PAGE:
The best way to understand variables better is to actually create some.
To create a local variable we use the reserved word "var" followed by the name of the variable we are creating.
This statement has defined a local variable and given it the variable name apples. Note that the word var must be in all lowercase and the variable that we have just created is a different variable from Apples or APPLES.
If we actually want to assign an initial value to a variable, we need to specify the value that we want to assign. Here are a few examples of how to do this.
1 var male = true;
2 var bedrooms = 3;
3 var myName = "Stephen";
Each of these examples creates a variable that holds a value with a different type.
1 creates a Boolean variable named male. A Boolean variable can contain one of two values – true and false. Boolean variables are extremely useful when it comes to making comparisons between two values since the result of the comparison will be a Boolean variable.2 creates a variable that contains a number – in this case the initial value of that number is 3.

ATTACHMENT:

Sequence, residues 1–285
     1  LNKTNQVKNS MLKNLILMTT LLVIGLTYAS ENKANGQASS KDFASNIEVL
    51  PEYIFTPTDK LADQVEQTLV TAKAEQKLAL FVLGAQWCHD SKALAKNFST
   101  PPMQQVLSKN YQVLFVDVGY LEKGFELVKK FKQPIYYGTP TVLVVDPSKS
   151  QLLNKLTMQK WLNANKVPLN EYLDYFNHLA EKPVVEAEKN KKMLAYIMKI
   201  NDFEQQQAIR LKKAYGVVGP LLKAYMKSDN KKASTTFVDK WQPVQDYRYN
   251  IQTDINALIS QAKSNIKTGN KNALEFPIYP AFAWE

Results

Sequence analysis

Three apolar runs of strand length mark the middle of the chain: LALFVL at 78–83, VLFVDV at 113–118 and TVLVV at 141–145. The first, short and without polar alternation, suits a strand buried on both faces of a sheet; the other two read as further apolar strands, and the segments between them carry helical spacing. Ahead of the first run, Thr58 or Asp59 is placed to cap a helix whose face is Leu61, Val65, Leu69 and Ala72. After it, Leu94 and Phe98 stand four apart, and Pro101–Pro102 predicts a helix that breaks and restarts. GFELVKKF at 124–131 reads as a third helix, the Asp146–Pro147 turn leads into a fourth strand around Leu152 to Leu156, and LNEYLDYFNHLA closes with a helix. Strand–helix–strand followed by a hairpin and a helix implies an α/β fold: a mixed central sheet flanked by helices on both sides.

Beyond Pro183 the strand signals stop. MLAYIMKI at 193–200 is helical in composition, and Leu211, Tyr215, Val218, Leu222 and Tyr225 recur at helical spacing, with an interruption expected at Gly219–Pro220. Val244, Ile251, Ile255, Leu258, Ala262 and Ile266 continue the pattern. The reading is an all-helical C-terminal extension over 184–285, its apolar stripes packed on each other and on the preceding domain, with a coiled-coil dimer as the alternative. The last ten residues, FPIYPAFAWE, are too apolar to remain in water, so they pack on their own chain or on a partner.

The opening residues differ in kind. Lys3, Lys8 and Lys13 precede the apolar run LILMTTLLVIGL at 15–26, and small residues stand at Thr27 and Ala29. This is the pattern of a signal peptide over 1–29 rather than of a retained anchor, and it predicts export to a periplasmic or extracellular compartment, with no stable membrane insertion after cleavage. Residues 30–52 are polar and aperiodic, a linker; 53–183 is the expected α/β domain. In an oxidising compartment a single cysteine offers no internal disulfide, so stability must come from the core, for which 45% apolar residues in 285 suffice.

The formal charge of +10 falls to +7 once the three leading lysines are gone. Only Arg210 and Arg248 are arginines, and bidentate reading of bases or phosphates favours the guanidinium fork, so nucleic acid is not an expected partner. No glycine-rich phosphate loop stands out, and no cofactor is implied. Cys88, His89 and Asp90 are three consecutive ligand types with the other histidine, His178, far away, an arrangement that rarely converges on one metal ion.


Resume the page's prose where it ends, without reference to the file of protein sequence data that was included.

4 '"Beware" he said'
6 ' He\'s "zonked"'
2 and 3 show how if we include a reserved word such as true or a number inside quotes or apostrophes then we have a text string rather than a Boolean or a number. They have the same apparent value but a different data type. In fact “false” evaluates to the Boolean value true.
4 shows a text string contained within apostrophes that contains quotes within the content of the string itself 5 shows the reverse of this, a text string that is contained within quotes and consists of a single apostrophe. The easiest way of including either quotes or apostrophes in a text string is to use the other one as the string delimiter (to mark where the text starts and finishes).
Finally, 7 shows how we escape the escape character so as to restore its meaning as a backslash character. This also illustrates a common trap that people fall into when coding Windows style path references into their script as they forget to escape the backslash characters.
This article written by Stephen Chapman, Felgall Pty Ltd.